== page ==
Category: News

Emily on Biggest “Bones” Lessons and Returning to TV

Emily Deschanel on Biggest ‘Bones’ Lessons, Working With David Boreanaz and Returning to TV

The actress formerly known as Temperance Brennan is returning to television in TNT’s ‘Animal Kingdom,’ and discusses the evolution of her career with The Hollywood Reporter.

THE HOLLYWOOD REPORTER – When Emily Deschanel graduated from theater school, she planned to spend her career doing off-Broadway shows and the occasional indie film. The actress, who is best known for the 12 years she spent starring on Fox procedural Bones, chuckled on the phone while remembering those early career goals.

“I remember somebody laughing at me, like, ‘OK, if you never want to make any money, then great,'” she told The Hollywood Reporter.

While her earliest credited parts include small roles in not-so-indie films including Cold Mountain, Glory Road and The Alamo, Deschanel’s big break came after being cast in Stephen King’s ABC miniseries Rose Red. A couple of pilot seasons later and she was the No. 2 on the call sheet for Bones, behind former Buffy the Vampire Slayer and Angel star David Boreanaz, where she’d spend the next decade-plus of her life.

Two years after her Fox drama ended, Deschanel now finds herself headed back to television in a recurring role on TNT’s crime family drama Animal Kingdom. While she spent 12 years playing forensic anthropologist and straight-laced FBI collaborator Temperance Brennan on Bones, she’s on the other side of the law as recovering addict Angela on Animal Kingdom.
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Emily on “The Talk” (Video)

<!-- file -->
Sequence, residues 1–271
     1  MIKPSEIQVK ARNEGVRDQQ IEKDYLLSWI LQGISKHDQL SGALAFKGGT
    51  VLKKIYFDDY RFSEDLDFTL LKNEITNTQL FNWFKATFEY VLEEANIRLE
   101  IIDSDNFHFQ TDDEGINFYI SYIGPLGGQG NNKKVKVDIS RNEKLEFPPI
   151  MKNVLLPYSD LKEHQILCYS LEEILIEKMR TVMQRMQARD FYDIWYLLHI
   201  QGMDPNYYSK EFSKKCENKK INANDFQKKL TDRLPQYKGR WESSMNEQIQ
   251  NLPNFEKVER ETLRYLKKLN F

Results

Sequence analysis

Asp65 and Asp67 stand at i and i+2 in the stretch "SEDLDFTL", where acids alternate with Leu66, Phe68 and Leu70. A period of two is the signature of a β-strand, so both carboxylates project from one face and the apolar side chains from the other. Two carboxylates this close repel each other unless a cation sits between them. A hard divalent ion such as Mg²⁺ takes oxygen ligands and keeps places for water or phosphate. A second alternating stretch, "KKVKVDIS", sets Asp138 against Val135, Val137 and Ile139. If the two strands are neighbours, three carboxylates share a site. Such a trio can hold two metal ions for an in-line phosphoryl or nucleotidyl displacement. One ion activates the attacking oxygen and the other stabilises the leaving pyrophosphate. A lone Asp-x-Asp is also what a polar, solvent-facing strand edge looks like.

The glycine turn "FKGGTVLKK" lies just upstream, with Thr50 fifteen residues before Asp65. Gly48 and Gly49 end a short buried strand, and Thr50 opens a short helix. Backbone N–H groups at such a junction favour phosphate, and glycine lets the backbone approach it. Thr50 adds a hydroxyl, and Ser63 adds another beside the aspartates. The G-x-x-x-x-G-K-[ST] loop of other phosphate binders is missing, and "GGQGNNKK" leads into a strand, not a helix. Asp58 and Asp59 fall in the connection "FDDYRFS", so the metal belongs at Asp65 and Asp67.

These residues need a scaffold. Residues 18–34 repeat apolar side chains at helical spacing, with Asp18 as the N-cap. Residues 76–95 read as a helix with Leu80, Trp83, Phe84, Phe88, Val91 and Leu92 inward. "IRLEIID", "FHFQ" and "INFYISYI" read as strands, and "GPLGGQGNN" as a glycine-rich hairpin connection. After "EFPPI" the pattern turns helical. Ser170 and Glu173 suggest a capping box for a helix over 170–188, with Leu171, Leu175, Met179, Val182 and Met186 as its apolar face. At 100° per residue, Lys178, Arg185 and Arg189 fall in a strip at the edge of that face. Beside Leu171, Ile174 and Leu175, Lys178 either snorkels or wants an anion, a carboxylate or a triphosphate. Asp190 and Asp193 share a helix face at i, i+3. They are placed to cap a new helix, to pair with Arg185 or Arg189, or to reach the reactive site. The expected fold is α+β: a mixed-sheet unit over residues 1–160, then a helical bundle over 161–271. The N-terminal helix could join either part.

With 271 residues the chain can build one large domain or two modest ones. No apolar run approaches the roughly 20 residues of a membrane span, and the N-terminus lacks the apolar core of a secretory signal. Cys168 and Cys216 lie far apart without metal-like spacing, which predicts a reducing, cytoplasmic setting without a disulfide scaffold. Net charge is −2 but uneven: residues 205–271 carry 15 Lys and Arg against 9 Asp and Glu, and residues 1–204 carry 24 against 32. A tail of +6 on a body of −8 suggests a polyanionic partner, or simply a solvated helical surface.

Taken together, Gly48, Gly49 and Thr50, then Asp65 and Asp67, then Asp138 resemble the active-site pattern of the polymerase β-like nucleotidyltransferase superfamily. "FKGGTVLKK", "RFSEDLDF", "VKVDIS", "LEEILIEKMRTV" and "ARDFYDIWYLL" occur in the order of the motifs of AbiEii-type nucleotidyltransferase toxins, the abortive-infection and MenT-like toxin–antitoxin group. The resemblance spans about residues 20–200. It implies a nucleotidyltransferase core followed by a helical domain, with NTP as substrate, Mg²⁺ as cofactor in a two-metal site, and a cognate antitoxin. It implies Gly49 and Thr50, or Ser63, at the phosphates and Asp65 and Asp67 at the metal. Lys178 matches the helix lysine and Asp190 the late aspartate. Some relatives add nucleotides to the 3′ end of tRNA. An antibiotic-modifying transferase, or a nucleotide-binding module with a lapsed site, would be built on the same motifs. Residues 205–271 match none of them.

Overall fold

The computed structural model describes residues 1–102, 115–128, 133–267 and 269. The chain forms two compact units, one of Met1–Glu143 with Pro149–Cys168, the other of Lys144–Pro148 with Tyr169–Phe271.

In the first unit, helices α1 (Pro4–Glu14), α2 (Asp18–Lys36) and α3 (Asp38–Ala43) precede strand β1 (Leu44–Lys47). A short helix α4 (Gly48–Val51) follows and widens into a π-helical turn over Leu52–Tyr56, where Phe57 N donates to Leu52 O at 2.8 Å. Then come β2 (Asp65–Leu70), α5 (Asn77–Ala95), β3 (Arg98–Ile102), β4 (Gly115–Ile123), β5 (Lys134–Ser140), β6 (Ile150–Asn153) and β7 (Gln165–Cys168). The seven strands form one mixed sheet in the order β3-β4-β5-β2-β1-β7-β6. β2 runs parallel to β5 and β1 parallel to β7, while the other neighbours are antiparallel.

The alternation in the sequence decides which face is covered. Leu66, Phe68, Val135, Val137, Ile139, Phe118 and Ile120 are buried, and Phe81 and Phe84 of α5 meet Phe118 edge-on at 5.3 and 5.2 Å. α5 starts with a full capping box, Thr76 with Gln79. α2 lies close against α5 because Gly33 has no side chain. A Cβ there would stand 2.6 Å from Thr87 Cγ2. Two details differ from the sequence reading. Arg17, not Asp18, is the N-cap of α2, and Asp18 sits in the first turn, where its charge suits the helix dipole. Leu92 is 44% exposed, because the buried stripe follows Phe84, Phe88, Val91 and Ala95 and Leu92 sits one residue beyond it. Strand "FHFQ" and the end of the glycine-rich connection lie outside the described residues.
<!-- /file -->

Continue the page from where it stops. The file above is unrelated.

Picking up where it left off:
Emily on “Animal Kingdom” and the Legacy of “Bones”

Emily Deschanel On Season 4 Of Animal Kingdom and the Legacy of Bones

PARADEBones star Emily Deschanel tracked down criminals as forensic anthropologist Temperance Brennan on the Fox series. Now Deschanel, 42, plays Angela, a drug addict who cozies up to the Cody family in season four of TNT’s crime drama Animal Kingdom (May 28).

You spent 12 seasons upholding the law on Bones. What’s it like now to be on the other side?
It’s a lot of fun. I have two sons [Henry, 7, and Calvin, 3] and they love playing bad guys a lot of times. There’s something about human nature that makes you enjoy doing it. But the fun part about it is to see it from the character’s perspective, like, why are they doing these things?

I don’t think anyone sets out to be evil or do bad things. Maybe a few people do, but they have reasons why they do what they do and they probably think that they’re doing something for a good reason. So, that’s what’s been really fun, to see from this character’s perspective why she’s doing certain things. It’s been unclear as we’ve been working how bad she is, what she’s up to, and what is she scheming?
Continue reading Emily on “Animal Kingdom” and the Legacy of “Bones”

FOX UK Acquires “Bones”

FOX UK Swoops For ‘Bones’

TV WISE – FOX UK has acquired long-running procedural Bones, which was originally produced for their U.S. namesake, after striking a deal with sister company Twentieth Century Fox Television Distribution.